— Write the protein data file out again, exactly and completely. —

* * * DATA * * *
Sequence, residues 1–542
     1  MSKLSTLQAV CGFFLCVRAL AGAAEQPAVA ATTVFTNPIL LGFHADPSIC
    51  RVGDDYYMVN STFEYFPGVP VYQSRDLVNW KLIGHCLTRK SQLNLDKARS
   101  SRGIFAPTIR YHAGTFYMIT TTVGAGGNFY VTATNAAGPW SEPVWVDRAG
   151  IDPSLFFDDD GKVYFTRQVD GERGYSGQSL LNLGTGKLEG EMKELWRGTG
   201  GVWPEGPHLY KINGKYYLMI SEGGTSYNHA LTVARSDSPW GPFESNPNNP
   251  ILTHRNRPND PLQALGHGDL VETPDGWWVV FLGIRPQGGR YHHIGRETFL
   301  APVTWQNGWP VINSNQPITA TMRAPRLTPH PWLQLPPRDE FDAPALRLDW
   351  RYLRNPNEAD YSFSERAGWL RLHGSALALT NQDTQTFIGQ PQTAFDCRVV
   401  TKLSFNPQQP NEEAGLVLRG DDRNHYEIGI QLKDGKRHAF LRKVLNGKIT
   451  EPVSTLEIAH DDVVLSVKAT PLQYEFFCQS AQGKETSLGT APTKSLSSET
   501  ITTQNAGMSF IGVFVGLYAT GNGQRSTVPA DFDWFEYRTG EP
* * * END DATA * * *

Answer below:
Sequence, residues 1–542
     1  MSKLSTLQAV CGFFLCVRAL AGAAEQPAVA ATTVFTNPIL LGFHADPSIC
    51  RVGDDYYMVN STFEYFPGVP VYQSRDLVNW KLIGHCLTRK SQLNLDKARS
   101  SRGIFAPTIR YHAGTFYMIT TTVGAGGNFY VTATNAAGPW SEPVWVDRAG
   151  IDPSLFFDDD GKVYFTRQVD GERGYSGQSL LNLGTGKLEG EMKELWRGTG
   201  GVWPEGPHLY KINGKYYLMI SEGGTSYNHA LTVARSDSPW GPFESNPNNP
   251  ILTHRNRPND PLQALGHGDL VETPDGWWVV FLGIRPQGGR YHHIGRETFL
   301  APVTWQNGWP VINSNQPITA TMRAPRLTPH PWLQLPPRDE FDAPALRLDW
   351  RYLRNPNEAD YSFSERAGWL RLHGSALALT NQDTQTFIGQ PQTAFDCRVV
   401  TKLSFNPQQP NEEAGLVLRG DDRNHYEIGI QLKDGKRHAF LRKVLNGKIT
   451  EPVSTLEIAH DDVVLSVKAT PLQYEFFCQS AQGKETSLGT APTKSLSSET
   501  ITTQNAGMSF IGVFVGLYAT GNGQRSTVPA DFDWFEYRTG EP